Brave is the artist who tackles a Bob Marley song, especially one as well-known as “Three Little Birds.” Exceptional is the artist who can completely transform said song and make it totally her own. Claire Holley’s eighth album is a bit of a departure from her previous work, and as departures go, this one is a mesmerizing delight.
There is a filmic quality to these songs, a captivating depth and multi-layered sense of place that cannot be worn away with repeated listenings. Time in the Middle was recorded at Sonic Temple studio in quiet Ferndale, CA, with Holley staying in a parsonage beside a church and cemetery, a setting that perhaps contributed to the album’s introspective, contemplative, haunting, spiritual feel. Producer and multi-instrumentalist Dan Phelps added his unique approach to arrangement and sound with instruments (elbow guitars and bug sounds?) of which Holley had never even heard. In a career featuring delightfully bright folk songs, “Wedding Day” from her 2008 release Hush seems to be closest in style to the songs on this album.
Of the transformed minor-chord version of the Marley opener, Holley says “I came up with this guitar riff that I really liked and needed ready-made lyrics. On a whim I just tried singing Marley’s lyrics with this music. The recording came with an ease that I can’t explain but am grateful for.” The result is a stunning reinterpretation of an often overplayed reggae classic.
There certainly is a definite and undeniable ease on this record, a magnetic and compelling textural thread running through that speaks of simple truths and timeless imagery. The sweetly charming and funky “Love in a Bowl” contains one of the most unique and satisfying outros ever. “Traveling Saints” was written as an homage to the people of post-Katrina New Orleans, while “Boat of Dreams” taps into unnamed longings and a sense of place in the world.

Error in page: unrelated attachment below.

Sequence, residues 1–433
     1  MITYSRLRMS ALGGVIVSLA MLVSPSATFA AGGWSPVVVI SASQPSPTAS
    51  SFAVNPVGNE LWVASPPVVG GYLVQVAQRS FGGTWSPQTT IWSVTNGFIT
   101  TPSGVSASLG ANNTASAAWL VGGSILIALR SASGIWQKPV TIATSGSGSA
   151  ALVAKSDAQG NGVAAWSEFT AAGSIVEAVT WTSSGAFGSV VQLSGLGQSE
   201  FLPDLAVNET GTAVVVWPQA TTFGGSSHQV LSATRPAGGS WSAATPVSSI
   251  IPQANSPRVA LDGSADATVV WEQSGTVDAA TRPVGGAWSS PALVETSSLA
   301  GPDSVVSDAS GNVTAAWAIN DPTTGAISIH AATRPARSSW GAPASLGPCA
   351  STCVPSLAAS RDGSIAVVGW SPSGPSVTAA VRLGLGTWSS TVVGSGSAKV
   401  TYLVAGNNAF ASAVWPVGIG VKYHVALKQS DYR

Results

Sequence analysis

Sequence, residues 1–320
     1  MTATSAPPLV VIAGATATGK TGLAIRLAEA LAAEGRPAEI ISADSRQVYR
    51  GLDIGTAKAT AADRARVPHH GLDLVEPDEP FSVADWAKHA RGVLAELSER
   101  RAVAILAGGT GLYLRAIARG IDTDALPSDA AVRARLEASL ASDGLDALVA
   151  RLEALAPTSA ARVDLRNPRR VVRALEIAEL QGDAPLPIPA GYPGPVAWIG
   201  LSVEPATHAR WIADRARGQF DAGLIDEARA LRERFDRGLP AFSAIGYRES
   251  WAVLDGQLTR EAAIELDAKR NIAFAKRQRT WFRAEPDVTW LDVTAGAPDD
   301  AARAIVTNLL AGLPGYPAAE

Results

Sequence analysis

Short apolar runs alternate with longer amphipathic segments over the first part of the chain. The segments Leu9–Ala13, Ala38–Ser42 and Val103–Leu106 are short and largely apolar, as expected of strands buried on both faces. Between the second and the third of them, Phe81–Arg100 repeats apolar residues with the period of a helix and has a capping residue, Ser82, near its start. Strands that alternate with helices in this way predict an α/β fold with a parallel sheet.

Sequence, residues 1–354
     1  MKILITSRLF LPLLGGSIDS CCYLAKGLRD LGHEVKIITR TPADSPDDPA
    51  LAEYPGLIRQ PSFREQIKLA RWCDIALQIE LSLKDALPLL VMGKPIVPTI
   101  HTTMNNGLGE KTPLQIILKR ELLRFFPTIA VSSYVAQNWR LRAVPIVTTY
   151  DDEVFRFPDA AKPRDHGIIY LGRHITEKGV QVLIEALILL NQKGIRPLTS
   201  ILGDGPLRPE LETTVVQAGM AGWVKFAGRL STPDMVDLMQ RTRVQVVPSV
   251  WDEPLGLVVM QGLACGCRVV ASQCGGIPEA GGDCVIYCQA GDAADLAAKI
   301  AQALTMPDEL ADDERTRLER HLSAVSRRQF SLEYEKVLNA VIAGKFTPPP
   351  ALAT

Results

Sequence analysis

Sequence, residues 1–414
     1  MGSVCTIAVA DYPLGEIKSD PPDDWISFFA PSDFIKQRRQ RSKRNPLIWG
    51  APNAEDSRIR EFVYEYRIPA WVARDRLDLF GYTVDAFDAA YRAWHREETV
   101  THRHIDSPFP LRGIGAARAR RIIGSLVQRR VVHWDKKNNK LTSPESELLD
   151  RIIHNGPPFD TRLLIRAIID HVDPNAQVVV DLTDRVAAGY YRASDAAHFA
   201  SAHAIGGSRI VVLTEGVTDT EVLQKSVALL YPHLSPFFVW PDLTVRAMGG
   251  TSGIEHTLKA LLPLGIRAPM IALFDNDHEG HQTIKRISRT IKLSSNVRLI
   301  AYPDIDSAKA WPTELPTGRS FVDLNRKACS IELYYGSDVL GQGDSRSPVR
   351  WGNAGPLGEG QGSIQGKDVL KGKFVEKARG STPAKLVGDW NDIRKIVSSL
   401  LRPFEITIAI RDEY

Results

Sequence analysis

An emotional standout is “Heat of July,” a loving biography of her father’s formative years and the influence of his mother on his decision to become a preacher. There is a touching ode to Vincent Van Gogh as well as the captivating inclusion of Beth Ann Fennelly’s poetry set to music with Holley’s hypnotic and heat-strange musical hand in “Kudzu,” that mysteriously metaphoric and invasive southern flora:
Let the deer come at dusk
from the woods behind the church
and let them nibble acorns off my grave.
Then let the kudzu blanket me,
for I always loved the heat,
let its hands rub out my name,
for I always loved affection.
The title track is a swelling, gorgeous song about regaining past passions, sloughing off everyday drudgery and igniting that which initially drew two people together. The song is an aural aphrodisiac:
a wildflower to your wind
take me to that place love again
leaving like a boat out of troy
Ironically, “Bone”, the one song that was scored for a film, seems oddly out of place in an album of jaw-droppingly hypnotic, filmic and atmospheric compositions. Throughout Time in the Middle, Holley’s beautiful vocals and stellar guitar work grab and hold the listener’s attention, making this one of 2015’s finest albums.